Montenegro Montenegro Montenegro Montenegro

Previously in ClimateChangePost


Anthropogenic climate change will likely alter ecosystems in the Mediterranean this century in a way that is without precedent during the past 10,000 years.


I recommend

National plans/strategies for Montenegro

Reports/papers that focus on important Montenegran topics

  • The economic impacts of climate change in Montenegro. Download.

Reports/papers that present a sound overview for Europe

  • Eisenreich (2005). Climate change and the European water dimension. A report to the European water directors.
  • European Environment Agency (2005). Vulnerability and adaptation to climate change in Europe. Download.
  • European Environment Agency, JRC and WHO (2008). Impact of Europe’s changing climate – 2008 indicator-based assessment. Download.

Reports/papers that focus on specific topics, relevant for all of Europe

  • Agriculture: Rounsevell et al. (2005). Future scenarios of European agricultural land use II. Projecting changes in cropland and grassland. Download.
  • Agriculture: Fischer et al. (2005). Socio-economic and climate change impacts on agriculture: an integrated assessment, 1990–2080. Download.
  • Biodiversity: Thuiller et al. (2005). Climate change threats to plant diversity in Europe. Download.
  • Coastal erosion: Salman et al. (2004). Living with coastal erosion in Europe: sediment and space for sustainability. Download.
  • Droughts: Blenkinsop and Fowler (2007). Changes in European drought characteristics projected by the PRUDENCE regional climate models. Download.
  • Droughts: European Environment Agency (2009). Water resources across Europe – confronting water scarcity and drought. Download.
  • Forestry: Seppälä et al. (2009). Adaptation of forests and people to climate change. A global assessment report. Download.
  • Health: Kosatsky (2005). The 2003 European heat waves. Download.
  • Health: WHO (2008). Protecting health in Europe from climate change. Download.
  • Insurance and Business: Mills et al. (2005). Availability and affordability of insurance under climate change. A growing challenge for the U.S. Download.
  • Security and Crisis management: German Advisory Council on Global Change (2007). World in transition: Climate change as a security risk. Summary for policy-makers. Download.
  • Storms: Gardiner et al. (2010). Destructive storms in European forests: Past and forthcoming impacts. Download.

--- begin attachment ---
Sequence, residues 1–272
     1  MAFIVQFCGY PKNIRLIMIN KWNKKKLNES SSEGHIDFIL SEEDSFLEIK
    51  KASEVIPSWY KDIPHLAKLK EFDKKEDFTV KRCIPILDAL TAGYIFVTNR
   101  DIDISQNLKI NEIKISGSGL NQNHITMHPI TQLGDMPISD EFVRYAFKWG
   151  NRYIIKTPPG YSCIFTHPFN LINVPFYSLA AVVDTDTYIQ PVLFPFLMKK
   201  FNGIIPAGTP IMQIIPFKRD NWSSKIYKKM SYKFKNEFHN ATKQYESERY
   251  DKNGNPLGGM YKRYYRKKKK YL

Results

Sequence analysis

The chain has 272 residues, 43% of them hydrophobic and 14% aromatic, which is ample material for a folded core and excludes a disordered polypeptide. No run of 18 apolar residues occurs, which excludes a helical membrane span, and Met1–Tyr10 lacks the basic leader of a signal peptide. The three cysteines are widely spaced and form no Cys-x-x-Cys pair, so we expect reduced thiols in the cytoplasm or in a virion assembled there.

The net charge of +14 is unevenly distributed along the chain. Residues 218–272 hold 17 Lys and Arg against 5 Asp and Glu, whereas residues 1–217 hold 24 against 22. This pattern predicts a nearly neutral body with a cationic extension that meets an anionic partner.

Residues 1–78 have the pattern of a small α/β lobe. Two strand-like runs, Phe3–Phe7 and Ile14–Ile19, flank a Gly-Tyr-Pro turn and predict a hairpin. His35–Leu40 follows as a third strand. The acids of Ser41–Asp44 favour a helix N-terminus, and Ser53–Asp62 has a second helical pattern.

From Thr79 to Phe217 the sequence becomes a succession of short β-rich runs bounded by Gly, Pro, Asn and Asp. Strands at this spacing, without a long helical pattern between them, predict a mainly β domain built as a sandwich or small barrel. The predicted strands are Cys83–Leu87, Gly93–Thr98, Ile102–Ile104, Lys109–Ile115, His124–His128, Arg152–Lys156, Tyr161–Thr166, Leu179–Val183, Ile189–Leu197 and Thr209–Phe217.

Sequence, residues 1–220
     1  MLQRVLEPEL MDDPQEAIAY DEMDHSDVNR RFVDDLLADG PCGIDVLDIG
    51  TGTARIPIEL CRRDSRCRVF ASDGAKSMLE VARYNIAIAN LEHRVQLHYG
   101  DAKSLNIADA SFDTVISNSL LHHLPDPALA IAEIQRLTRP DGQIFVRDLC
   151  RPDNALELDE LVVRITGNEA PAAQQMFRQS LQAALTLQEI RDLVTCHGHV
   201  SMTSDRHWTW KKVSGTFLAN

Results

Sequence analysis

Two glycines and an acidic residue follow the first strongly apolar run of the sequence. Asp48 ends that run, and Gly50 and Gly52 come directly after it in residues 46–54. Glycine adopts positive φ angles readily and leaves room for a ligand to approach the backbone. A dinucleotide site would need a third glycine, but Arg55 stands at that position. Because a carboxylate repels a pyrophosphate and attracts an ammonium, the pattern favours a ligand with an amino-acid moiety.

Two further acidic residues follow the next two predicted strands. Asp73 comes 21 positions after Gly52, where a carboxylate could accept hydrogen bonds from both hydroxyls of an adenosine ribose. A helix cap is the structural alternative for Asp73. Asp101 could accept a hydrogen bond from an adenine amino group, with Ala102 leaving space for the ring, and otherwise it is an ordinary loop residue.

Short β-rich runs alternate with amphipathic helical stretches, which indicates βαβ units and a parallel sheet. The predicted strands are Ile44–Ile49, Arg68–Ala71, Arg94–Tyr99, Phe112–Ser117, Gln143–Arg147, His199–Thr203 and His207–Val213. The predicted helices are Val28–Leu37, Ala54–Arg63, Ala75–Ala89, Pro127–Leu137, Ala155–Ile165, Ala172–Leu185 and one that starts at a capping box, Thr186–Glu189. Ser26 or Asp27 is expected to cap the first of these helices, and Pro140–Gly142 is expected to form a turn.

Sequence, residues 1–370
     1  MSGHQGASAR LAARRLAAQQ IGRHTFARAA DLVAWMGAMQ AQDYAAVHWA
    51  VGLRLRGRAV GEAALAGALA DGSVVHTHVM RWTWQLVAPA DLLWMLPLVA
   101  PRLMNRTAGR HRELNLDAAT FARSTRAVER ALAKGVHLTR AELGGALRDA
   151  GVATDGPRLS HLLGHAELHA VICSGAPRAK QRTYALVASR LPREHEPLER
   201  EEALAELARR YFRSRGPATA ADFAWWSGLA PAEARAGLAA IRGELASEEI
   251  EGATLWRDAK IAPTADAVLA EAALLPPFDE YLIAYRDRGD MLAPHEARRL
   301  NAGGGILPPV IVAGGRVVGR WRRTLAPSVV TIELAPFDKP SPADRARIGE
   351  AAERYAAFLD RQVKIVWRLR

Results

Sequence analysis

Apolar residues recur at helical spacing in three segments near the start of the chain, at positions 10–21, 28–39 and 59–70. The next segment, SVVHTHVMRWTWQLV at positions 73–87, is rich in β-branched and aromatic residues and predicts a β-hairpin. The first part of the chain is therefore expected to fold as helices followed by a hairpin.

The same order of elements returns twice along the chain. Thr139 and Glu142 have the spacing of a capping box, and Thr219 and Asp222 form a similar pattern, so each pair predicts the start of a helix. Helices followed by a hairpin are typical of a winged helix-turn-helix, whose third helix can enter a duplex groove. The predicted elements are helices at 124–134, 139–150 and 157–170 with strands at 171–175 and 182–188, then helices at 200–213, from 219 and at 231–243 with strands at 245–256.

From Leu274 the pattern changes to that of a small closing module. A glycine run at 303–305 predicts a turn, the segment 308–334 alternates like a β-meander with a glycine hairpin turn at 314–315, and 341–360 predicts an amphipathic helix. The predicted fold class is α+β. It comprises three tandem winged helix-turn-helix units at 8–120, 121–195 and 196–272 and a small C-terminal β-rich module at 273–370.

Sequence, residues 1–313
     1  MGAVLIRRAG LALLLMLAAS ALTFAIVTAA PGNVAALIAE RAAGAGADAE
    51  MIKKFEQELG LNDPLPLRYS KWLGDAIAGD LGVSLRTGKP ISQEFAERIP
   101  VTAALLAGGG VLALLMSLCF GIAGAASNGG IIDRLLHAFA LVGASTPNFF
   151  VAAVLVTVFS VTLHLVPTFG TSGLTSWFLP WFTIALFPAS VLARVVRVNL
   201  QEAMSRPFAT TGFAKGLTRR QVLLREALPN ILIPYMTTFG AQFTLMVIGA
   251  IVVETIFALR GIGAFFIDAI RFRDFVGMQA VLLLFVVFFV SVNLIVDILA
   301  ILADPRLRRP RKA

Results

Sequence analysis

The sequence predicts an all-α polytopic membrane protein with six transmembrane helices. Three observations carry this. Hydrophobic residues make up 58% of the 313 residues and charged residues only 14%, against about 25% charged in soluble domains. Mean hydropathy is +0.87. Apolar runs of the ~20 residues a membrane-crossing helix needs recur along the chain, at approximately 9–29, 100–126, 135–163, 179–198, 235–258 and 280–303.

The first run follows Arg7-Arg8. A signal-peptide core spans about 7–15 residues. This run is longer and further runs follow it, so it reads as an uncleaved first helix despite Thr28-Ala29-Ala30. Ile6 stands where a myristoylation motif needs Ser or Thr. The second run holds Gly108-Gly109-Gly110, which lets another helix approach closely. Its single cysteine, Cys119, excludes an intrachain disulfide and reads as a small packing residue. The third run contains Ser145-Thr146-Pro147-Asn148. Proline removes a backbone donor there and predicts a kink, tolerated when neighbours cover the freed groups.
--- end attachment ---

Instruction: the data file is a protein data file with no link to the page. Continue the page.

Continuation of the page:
• Storms: Pinto et al. (2007). Changing European storm loss potentials under modified climate conditions according to ensemble simulations of the ECHAM5/MPI-OM1 GCM. Download.
  • Tourism: Deutsche Bank Research (2008). Climate change and tourism: Where will the journey lead? Download.

EU funded Research Projects


Climate change scenarios

Coastal areas

Droughts and water scarcity


Fresh water resources

Mitigation / adaptation options and costs

Urban areas

Forest fires Montenegro

Vulnerabilities Montenegro

In the last 15 years in Montenegro, there were 1007 major forest fires, where an area of 15,300 acres was burned, and about 500,000 m3 of timber damaged or destroyed. Especially critical were the years of 2000 and 2003, when there was an extremely high number of forest fires in the region of south-eastern Europe which destroyed large forest areas (more than 300 fires were registered in Montenegro only in 2003, when nearly 2500 ha of forest areas were burned) (1).

In Montenegro the most endangered forests with respect to forest fires are in the coastal and central region of Montenegro, where the bioclimatic conditions and high air temperature in summer period and vegetation characteristics are conducive to the emergence and development of fire. Particularly critical period for the occurrence of fire includes the months of July and August, when the intensity of rainfall is very low and the air temperature is extremely high, as well as the months of February and March - during dry and warmer winter conditions. Depending on these parameters, the area of Montenegro can be divided into:

  • the area of high fire risk - the southern and middle regions;
  • the area of increased fire risk - the south-western and western part – covered by conifers;
  • the area of moderate fire danger - oak, elm and other broadleaf stands.


The references below are cited in full in a separate map 'References'. Please click here if you are looking for the full references for Montenegro.

  1. Ministry for Spatial Planning and Environment of the Republic of Montenegro (2010)